Primrose – herald of spring   We tend to think of the primrose (Primula vulgaris) as a woodland or hedgerow plant and although it does prefer a shady position it will cope in the garden in either sun or shade as long as the soil retains some moisture.   In hot dry conditions it will wilt and sometimes lose its leaves, but has the ability to revive itself once soil moisture has been restored as, like the cowslip, it dies down to a resting bud in mid summer.  Although the primrose blooms in spring, the odd flower can sometimes be seen as early as January.  Folklore however tells us that a primrose in flower in the winter can foretell ill health or even a death in the family.  In fact, all members of the Primula family have a wealth of ancient folklore surrounding them, much of it amusing and even bizarre!  Country folk believed that the number of primrose flowers taken into a house in the spring would determine the number of chicks that hatched from under their broody hens.  It was also thought that primroses planted upside-down would bear pink flowers!  Folklore aside, in the garden this is an invaluable plant, able to thrive in places where other plants may not and its subtle yellow flowers cheer us as spring approaches.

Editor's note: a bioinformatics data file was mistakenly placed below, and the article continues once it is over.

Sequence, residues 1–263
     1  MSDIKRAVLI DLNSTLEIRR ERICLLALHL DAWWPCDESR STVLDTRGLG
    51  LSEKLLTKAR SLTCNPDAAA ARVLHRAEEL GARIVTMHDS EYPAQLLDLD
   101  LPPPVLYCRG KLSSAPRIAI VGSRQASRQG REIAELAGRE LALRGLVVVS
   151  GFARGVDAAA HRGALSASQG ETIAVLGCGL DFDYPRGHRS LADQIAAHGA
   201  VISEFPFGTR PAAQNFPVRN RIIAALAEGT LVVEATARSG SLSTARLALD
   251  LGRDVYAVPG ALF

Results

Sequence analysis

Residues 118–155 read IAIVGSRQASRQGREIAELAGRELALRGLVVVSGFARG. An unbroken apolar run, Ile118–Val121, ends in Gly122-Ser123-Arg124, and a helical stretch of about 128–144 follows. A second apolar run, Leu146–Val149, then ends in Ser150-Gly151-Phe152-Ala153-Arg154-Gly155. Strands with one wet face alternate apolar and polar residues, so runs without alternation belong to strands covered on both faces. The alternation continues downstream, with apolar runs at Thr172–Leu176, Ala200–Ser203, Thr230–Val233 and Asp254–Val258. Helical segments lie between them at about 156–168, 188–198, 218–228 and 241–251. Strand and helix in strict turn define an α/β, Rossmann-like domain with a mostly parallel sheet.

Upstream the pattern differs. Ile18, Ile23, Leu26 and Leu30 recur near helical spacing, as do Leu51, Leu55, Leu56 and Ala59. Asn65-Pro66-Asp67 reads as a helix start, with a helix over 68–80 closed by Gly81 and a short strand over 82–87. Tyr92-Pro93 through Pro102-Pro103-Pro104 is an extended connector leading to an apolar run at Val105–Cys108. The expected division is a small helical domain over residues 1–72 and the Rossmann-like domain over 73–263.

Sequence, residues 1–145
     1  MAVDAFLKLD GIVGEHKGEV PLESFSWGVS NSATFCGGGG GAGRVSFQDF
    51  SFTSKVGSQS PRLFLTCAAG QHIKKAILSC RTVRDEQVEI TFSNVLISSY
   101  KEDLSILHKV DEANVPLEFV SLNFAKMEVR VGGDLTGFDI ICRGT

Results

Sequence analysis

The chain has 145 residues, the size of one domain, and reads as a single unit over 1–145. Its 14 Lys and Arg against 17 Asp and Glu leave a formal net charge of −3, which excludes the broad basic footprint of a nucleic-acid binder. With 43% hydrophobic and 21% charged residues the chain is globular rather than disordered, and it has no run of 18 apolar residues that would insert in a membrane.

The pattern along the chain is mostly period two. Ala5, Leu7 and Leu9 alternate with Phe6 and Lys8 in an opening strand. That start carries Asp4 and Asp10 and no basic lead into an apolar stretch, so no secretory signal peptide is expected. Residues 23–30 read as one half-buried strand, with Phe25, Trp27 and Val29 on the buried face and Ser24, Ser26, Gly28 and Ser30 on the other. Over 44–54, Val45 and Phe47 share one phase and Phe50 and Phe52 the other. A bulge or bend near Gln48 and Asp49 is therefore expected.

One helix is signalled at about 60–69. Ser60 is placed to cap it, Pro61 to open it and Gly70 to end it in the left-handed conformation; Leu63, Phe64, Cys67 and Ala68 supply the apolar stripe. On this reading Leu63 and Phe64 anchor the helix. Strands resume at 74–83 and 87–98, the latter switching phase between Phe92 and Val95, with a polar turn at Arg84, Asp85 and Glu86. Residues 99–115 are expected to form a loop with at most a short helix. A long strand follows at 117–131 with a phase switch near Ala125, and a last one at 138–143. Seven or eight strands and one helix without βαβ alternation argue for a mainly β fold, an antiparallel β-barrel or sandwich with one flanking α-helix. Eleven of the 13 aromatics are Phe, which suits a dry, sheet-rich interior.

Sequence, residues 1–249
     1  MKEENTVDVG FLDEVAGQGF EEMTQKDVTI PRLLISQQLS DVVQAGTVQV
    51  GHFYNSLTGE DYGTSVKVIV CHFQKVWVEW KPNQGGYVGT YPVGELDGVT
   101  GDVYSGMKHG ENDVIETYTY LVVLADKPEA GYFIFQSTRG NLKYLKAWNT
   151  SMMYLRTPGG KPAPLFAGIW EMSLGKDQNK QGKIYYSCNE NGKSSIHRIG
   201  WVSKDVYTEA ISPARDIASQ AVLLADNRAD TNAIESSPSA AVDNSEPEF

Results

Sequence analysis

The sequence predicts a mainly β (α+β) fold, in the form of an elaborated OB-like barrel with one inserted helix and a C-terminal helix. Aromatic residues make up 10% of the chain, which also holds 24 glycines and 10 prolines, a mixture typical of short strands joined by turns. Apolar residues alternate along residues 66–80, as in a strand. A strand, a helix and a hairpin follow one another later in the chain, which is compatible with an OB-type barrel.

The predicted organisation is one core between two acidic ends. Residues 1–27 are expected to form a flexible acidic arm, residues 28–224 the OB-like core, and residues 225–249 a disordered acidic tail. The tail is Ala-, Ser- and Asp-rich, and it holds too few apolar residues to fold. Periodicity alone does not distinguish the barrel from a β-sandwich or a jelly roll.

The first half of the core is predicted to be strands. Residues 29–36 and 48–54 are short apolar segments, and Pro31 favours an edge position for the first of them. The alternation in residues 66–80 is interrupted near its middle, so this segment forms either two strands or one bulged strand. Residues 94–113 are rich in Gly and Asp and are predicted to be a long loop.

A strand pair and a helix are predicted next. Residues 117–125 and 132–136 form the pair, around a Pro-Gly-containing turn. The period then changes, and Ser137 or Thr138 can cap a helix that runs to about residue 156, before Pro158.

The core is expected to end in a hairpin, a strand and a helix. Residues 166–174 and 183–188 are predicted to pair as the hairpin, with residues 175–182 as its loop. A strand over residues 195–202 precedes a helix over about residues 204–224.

Cowslip – a perfect plant?   Cowslips (Primula veris) flower from April into May and for me are the most versatile and attractive of the group.  The fact that they have a wonderfully sweet, subtle scent makes them even more valuable in a garden situation and they are perfect for containers.  Any fledgling wildflower gardener could do no better than add a few cowslips to their garden. This versatile species will grow in sun or light shade, any soil type and will hang on in the driest soils.  In a bog garden however, they will reach a height of 30cms or more and produce large fragrant blooms to rival any more exotic bog garden Primula.  They look at their best in grass and will survive even the dreaded rye grass lawn, where many wildflowers will flounder and disappear over time.  The cowslip will exhibit no such fleeting behaviour but will seed and increase in number until a cowslip meadow is produced.  A lawn area like this can be left to its own devices through spring and early summer.  After the cowslips have flowered, the whole area can be cut and raked, and then mown in the summer months, as the dormant cowslips will happily cope with this rather savage management.  You can even spread your cowslips by taking dried cuttings – grass and flower stalks – and leaving them on another area of short grass, where the seeds will fall and germinate in the following spring.